There is no shortage of kind-hearted souls working in acute care wards who don’t have the knowledge and experience or the support to coordinate a care plan that incorporates input from the different medical specialties to bring about stabilization of a patient. The current system, while hurting patients the most, also defrauds and degrades those professionals who truly want to help people. The system needs to be unburdened. The proposals for outpatient services will hopefully free up resources in the hospitals for those who need them the most. I’m hoping for an articulation of reform that will resonate with noble hearts and outrun the machinations of power seekers and guild interests. Thank you to everyone who has devoted themselves to this work long before I knew anything about it or could imagine we would need it.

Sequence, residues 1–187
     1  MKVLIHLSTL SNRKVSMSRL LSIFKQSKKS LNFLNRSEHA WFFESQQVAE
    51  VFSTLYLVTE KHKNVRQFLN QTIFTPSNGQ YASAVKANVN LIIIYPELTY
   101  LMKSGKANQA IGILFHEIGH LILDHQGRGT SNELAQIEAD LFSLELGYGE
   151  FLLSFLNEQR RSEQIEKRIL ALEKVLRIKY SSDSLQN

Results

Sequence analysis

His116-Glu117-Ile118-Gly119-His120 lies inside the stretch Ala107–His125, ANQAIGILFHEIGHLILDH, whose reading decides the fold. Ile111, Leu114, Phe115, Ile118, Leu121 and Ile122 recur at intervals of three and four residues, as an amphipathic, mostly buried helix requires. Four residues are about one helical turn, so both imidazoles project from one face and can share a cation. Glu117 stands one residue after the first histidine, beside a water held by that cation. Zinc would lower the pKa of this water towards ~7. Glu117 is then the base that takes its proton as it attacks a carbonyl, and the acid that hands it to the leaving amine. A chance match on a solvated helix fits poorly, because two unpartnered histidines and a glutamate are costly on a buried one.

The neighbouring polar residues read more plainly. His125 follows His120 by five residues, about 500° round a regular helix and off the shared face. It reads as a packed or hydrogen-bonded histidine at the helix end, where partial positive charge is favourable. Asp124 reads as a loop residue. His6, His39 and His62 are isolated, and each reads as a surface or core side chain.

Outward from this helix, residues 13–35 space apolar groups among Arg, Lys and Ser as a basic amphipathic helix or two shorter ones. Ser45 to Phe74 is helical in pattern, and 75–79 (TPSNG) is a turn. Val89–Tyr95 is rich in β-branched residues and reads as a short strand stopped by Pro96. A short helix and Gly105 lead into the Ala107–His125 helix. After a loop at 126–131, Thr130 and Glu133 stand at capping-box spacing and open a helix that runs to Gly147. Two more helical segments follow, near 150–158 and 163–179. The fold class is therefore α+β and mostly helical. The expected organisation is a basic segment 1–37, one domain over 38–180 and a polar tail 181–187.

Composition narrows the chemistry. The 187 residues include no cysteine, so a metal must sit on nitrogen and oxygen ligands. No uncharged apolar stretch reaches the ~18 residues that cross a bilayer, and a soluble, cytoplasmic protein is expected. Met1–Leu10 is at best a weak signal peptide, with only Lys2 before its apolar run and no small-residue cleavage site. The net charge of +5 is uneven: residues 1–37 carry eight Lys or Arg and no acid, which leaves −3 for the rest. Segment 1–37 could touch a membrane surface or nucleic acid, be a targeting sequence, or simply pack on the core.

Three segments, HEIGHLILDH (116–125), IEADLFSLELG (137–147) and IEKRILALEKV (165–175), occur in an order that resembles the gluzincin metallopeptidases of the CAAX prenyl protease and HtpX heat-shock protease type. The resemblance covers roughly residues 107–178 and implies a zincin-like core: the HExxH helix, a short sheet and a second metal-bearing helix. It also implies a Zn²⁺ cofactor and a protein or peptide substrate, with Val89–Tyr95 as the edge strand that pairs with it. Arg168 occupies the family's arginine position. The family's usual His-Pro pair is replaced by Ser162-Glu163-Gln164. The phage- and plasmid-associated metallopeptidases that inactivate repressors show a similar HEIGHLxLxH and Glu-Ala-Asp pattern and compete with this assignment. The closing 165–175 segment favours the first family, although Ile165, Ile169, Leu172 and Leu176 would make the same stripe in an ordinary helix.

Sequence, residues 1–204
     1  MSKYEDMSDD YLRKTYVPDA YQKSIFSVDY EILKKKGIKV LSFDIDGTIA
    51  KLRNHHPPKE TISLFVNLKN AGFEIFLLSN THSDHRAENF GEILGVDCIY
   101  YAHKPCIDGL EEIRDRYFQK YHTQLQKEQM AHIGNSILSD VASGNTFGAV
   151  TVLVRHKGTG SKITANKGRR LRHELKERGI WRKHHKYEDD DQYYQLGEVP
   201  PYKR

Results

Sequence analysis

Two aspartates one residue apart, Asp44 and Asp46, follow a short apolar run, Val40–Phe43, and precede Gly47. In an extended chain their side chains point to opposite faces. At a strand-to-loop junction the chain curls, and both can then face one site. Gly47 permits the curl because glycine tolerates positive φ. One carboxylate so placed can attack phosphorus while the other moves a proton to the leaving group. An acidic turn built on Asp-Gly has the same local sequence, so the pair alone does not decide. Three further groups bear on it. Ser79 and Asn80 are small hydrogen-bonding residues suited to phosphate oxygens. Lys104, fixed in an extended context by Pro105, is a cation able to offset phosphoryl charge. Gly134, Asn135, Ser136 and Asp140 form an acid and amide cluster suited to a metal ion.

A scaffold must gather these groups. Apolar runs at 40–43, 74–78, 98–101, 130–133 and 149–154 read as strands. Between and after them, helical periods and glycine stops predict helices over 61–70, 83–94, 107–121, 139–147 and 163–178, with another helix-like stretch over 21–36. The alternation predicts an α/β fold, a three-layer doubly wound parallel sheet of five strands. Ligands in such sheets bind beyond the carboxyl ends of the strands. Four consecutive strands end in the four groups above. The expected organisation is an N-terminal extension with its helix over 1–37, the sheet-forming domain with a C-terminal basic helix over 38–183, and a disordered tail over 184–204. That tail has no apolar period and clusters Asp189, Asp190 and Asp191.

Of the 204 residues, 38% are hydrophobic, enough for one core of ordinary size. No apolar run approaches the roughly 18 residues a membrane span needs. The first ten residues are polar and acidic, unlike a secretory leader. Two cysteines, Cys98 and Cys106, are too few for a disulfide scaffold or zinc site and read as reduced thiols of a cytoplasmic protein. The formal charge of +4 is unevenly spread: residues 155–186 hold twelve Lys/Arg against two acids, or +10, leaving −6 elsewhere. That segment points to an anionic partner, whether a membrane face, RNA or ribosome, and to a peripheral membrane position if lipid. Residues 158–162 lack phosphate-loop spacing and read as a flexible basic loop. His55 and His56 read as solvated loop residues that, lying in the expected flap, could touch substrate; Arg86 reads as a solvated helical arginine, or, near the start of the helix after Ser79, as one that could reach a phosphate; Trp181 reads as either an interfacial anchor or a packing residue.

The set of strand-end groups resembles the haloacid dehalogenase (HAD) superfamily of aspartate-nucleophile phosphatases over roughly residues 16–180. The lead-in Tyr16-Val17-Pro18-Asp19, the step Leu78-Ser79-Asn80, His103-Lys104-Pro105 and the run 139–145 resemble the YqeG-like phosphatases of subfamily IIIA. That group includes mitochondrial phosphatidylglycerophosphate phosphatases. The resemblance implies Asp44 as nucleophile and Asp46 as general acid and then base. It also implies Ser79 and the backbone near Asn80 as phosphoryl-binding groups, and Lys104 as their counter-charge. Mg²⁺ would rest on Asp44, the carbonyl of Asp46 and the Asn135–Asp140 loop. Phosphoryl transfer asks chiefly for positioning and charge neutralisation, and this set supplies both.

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    • I think you are right that the most difficult and mysterious cases go home, if there is one, while all sorts of “cherry picking” goes on to hospitalize the easy to treat-those who casually say I’m thinking of killing myself–in order to get a bed and roof and food and a rest. People do know how to use the system; yet the most needy do not.

      And, the system knows how to use people–for the easiest billing, to buffer themselves from radical complaining and from those with patient’s rights orientations.